Toyota Brings New Electrified Vehicles to Washington Auto Show
While Toyota is teasing off-road vehicles for the upcoming Chicago Auto Show, the automaker is also showing off the new 2020 Highlander, 2021 Mirai, and 2021 RAV4 Prime at the Washington Auto Show, held Jan. 24 to Feb. 2 at the Walter E. Washington Convention Center.
We’ve already talked plenty about the 2020 Highlander, which offers 36 highway mpg and a massive 12.3-inch multimedia display, so we’ll skip it to cover the Mirai and RAV4 Prime, the most modern Toyota electrified vehicles yet.
The 2021 Mirai is the first true overhaul of the hydrogen-powered car since it first launched in 2015. Toyota says it is rebooting the Mirai as a premium sedan “with cutting-edge design, technology and driving performance,” thus focusing not just on its huge range and low charging times (a massive advantage over traditional battery-electric cars) but also on everything else.
Toyota Electrified Vehicles: They benefit from the longest hybrid battery warranty in the industry
That being said, it’s telling that the new RAV4 Prime is possibly even more exciting than a car that runs on hydrogen and emits only water vapor. The RAV4 Prime is the plug-in hybrid variant of the most popular SUV in America, and thanks to some powertrain magic, Toyota somehow managed to get 302 horsepower out of it and a whopping 0-60 mph time of only 5.8 seconds.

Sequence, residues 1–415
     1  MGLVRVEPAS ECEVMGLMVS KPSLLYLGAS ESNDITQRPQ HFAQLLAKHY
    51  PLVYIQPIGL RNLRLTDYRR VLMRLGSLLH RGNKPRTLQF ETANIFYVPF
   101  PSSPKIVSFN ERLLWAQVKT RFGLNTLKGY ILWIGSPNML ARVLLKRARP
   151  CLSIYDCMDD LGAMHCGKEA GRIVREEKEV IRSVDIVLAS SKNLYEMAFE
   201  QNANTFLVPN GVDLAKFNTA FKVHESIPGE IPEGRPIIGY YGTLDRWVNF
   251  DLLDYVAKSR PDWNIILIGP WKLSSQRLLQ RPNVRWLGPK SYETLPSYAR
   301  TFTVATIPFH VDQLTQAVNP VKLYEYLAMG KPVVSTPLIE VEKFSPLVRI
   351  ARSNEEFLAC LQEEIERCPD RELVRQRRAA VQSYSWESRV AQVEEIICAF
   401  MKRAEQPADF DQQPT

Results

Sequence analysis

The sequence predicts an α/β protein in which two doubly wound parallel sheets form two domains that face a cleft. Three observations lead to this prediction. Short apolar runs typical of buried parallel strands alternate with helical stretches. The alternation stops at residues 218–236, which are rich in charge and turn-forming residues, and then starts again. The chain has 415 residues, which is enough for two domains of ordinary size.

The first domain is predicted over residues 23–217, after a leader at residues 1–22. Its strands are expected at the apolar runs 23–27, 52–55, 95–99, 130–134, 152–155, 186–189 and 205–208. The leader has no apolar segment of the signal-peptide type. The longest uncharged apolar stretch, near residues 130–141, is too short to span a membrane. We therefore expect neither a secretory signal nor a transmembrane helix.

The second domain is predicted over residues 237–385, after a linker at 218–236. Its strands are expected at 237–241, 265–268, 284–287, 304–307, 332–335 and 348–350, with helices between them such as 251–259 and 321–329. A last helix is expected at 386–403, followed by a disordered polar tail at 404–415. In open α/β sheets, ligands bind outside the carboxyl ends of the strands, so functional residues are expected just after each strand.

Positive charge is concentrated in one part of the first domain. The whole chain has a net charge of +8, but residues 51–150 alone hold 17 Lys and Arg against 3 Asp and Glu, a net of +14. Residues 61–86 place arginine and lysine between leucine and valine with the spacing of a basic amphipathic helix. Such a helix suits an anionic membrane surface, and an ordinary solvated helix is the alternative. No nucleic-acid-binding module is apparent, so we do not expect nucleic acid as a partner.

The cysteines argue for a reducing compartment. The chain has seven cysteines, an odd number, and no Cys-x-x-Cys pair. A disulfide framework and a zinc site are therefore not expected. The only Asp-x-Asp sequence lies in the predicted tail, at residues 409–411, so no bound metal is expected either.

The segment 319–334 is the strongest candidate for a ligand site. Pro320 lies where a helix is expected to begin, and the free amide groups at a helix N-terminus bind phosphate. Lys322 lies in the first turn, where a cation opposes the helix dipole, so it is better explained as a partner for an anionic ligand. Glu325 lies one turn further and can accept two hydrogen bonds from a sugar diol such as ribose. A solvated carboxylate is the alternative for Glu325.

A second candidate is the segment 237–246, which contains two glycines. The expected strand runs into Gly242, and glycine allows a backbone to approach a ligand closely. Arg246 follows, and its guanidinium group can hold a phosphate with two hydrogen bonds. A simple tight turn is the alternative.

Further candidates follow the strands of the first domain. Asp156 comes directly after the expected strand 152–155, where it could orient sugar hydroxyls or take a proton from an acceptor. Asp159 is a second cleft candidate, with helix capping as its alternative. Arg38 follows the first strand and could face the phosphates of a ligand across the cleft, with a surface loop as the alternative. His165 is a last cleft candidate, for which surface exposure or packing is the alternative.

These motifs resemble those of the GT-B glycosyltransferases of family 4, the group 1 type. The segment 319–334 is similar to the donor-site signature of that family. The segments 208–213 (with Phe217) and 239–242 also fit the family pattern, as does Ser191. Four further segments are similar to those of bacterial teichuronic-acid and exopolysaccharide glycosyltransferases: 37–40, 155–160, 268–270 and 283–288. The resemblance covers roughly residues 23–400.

That’s two seconds faster than the RAV4 Hybrid and puts the RAV4 Prime in league with luxury and performance SUVs — none of which, it must be said, come close to the fuel economy numbers that the RAV4 Prime puts forward: about the equivalent of 90 miles per gallon, per Toyota’s estimate.
In addition to showing off the Highlander and its new electrified vehicles at the Washington Auto Show, Toyota is presenting its increasingly-familiar array of mobility concepts and prototypes, ranging from the LQ Concept and Micro-Palette to the FV2 concept and Human Support Robot.
Toyota Lineup: Learn more about Toyota’s vehicle offerings
Kurt Verlin was born in France and lives in the United States. Throughout his life he was always told French was the language of romance, but it was English he fell in love with. He likes cats, music, cars, 30 Rock, Formula 1, and pretending to be a race car driver in simulators; but most of all, he just likes to write about it all. See more articles by Kurt.